The memory of those dark days is an open wound in the psyche of the Argentinean people, a wound that could only be overcome through the struggle for human rights. A month after Santiago Maldonado disappeared, hundreds of thousands marched onto the Plaza de Mayo, and protests were held in major cities around the world—including New York, Barcelona, London and Paris.
Labor Joins in
While the main labor federation, General Confederation of Labor, was noticeably absent from key actions, the second-largest labor organization, Argentine Workers’ Central Union, turned out. And some unions engaged in creative campaigns. Laid-off workers of PepsiCo, who earlier this year became a symbol of militant labor organizing, pulled off a music festival in front of the National Congress, where they held an encampment.
Teachers across the country launched their own crusade against the impunity of state violence: They brought the case of Santiago Maldonado to the classroom through a diversity of activities, from poetry sessions to public classes or to even calling out his name when taking attendance. The teachers’ union, Education Workers’ Confederation (CTERA), printed thousands of booklets to use in class to discuss Maldonado’s case. What transpired in the classrooms assumed a larger political and national element.
The response from the government of President Mauricio Macri can be summarized as incompetence and concealment. While the investigation was mired in irregularities, the government engaged in a dirty campaign portraying the Mapuche as criminals.
National Deputy for the ruling Cambiemos, Elisa Carrió, claimed that the Mapuche RAM is a “terrorist” organization operating in the southern region of Argentina—and that Santiago Maldonado might have been involved with them before allegedly fleeing to Chile. By implying that Maldonado was tied to this militant organization, then depicting them as terrorists, she was likely trying to whitewash or justify the government’s possible responsibility for his death.
Initially, the government tried to deflect responsibility for the repression that preceded the disappearance of Santiago Maldonado. But it quickly came to light that the gendarmerie was acting under the direction of Pablo Nocetti, chief of staff of the Ministry of Security.
When mobilizations acquired political clout and grew in size in Buenos Aires, the government infiltrated them with provocateurs to cause disruption and delegitimize them. When teachers brought the debate to the classrooms, National Secretary of Education Alejandro Finocchiaro chastised the teachers’ union CTERA, calling their educational booklet on Maldonado “rogue and mischievous.”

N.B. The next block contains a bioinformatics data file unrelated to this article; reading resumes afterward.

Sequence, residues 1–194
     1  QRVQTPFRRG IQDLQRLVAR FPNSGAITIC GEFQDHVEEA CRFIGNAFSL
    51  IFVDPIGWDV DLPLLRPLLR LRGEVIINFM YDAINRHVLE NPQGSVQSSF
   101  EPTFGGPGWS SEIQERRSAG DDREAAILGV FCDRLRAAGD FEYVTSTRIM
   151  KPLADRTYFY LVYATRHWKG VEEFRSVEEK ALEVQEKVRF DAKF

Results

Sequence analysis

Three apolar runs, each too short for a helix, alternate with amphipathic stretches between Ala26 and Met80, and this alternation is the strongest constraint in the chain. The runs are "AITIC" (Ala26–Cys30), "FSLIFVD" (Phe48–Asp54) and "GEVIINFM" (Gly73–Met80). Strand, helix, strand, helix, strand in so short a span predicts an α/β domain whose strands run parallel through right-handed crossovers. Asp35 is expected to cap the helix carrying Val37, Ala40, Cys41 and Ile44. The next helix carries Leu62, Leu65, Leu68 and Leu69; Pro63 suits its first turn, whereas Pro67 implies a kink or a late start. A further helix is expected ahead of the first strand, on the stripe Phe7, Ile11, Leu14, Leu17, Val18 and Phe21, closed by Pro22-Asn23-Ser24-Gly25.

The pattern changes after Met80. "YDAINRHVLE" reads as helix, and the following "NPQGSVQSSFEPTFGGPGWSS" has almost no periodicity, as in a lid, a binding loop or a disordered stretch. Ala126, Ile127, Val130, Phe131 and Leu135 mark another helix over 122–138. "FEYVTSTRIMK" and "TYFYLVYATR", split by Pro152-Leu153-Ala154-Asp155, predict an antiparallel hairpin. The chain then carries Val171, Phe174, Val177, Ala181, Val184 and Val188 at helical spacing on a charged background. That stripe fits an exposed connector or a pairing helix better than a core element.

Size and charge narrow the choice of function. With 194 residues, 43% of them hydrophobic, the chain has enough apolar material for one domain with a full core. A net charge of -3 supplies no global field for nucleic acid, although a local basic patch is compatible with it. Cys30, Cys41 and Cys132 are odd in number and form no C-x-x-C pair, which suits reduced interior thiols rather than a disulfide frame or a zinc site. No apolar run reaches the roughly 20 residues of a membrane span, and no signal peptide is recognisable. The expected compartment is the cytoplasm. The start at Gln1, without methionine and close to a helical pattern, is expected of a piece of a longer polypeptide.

The body of Santiago Maldonado was found in the Chubut River, 300 meters upstream from where he was last seen. He was identified only two days before national elections were held. The results of the autopsy showed no signs of trauma, only evidence of death by drowning. However, there are curious facts surrounding the death, including that the area had been searched eight times before the body was found—in an area already covered. Regardless of the results of the autopsy, human rights organizations, progressives and opposition politicians believe the gendarmerie is responsible for Santiago’s death, since the repression is what precipitated the outcome.
The case of Santiago Maldonado brought to the surface a simmering conflict between indigenous rights and capital’s frenzied zeal for natural resources. As recently as late November, a person from the Mapuche community was identified as killed by a gunshot by the gendarmerie in an obscure incident in Lago Mascardi, Province of Río Negro.
The government has only hitherto intervened to reinforce the powerful and quell the vulnerable. However, the reflex by the Argentinean people has demonstrated a readiness to fight. They’d better be, as the struggle will be long.
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Juan Cruz Ferre
Juan Cruz Ferre is a writer and editor for Left Voice and La Izquierda Diario. He is a political activist and medical doctor from Argentina and is currently pursuing a PhD in Sociology at the City University of New York.